Joanna Chapman-Smith Contraries

Joanna Chapman-Smith Contraries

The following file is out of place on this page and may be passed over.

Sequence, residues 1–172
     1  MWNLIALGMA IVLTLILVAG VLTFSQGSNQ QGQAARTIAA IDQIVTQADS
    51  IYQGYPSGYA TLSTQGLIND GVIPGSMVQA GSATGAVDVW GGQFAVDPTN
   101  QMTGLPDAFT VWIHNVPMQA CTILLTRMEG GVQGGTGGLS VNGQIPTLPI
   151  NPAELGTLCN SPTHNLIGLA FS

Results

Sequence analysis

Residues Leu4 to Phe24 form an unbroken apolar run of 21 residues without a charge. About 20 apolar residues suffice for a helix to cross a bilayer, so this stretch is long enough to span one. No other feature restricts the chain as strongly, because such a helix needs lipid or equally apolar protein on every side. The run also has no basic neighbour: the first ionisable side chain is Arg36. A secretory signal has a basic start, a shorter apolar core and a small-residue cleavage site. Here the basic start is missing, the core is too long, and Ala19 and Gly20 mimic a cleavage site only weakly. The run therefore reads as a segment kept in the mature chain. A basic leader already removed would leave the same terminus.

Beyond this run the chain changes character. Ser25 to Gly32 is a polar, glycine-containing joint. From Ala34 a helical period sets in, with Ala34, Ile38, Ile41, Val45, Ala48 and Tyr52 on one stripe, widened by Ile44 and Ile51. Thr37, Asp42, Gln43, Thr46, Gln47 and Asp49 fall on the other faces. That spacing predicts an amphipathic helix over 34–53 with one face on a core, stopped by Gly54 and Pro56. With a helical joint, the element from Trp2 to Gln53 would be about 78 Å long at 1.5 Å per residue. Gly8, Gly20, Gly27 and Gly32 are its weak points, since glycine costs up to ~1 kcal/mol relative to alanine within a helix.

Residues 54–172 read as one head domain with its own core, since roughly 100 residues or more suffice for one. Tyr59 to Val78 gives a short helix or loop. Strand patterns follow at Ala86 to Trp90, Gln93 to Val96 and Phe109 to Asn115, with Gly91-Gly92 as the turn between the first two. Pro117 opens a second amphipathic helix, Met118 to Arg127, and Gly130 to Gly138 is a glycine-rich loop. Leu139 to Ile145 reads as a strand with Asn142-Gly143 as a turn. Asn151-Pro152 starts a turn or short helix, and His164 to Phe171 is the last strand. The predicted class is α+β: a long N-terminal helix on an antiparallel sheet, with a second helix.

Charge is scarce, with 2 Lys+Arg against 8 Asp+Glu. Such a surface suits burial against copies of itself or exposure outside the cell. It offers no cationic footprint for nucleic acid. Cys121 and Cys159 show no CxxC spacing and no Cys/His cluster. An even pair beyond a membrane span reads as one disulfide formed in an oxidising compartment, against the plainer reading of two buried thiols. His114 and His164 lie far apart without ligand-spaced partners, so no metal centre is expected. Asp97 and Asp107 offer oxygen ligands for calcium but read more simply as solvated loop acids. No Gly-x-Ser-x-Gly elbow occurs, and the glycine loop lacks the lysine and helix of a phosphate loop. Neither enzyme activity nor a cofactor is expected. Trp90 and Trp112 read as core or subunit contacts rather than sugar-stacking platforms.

What is this, the dawning of the new age of the accordion? Where are they coming from, all of these delightful squeeze boxers? The heart of East Vancouver, in the case of Joanna Chapman-Smith. It's not surprising, really, that klezmer would emerge from East Van. The Eastern European ghetto folk music is well suited to the spirit of Canada's grittiest, most soulful neighbourhood. Tracks like "Arbitrary Lines" and "Klezbian Mother" pair sultry vocals with robust clarinet and accordion lines that fling up their arms and leap about with wild abandon. But it's not all fun and games - the delicate jazziness of tracks like "Between the Minds" tempers all of the hoopla with delicious melancholy. After her acoustic folk debut, 2007's Eyre Corvidae, Chapman-Smith has produced a gutsier sophomore album that reveals her as an intriguing new addition to Vancouver's songwriting community. (Woundup)